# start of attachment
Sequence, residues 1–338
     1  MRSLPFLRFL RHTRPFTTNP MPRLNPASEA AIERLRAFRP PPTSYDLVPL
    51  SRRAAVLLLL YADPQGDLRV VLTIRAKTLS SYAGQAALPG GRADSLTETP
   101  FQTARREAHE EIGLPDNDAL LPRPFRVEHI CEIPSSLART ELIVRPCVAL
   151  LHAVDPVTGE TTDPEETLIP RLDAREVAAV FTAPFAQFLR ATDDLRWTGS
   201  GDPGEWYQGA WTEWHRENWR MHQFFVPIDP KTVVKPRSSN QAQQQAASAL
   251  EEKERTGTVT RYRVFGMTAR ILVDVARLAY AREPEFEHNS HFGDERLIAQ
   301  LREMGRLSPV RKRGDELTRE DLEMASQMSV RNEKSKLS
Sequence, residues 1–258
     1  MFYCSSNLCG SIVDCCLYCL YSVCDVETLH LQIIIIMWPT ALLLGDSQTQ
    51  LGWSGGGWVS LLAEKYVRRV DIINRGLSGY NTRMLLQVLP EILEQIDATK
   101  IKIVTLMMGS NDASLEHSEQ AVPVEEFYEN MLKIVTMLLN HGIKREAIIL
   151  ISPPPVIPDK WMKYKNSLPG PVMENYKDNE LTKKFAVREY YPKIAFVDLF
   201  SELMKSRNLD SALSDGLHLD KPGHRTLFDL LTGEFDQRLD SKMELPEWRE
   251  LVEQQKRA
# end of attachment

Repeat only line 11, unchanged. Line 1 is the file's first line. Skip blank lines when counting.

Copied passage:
    51  LGWSGGGWVS LLAEKYVRRV DIINRGLSGY NTRMLLQVLP EILEQIDATK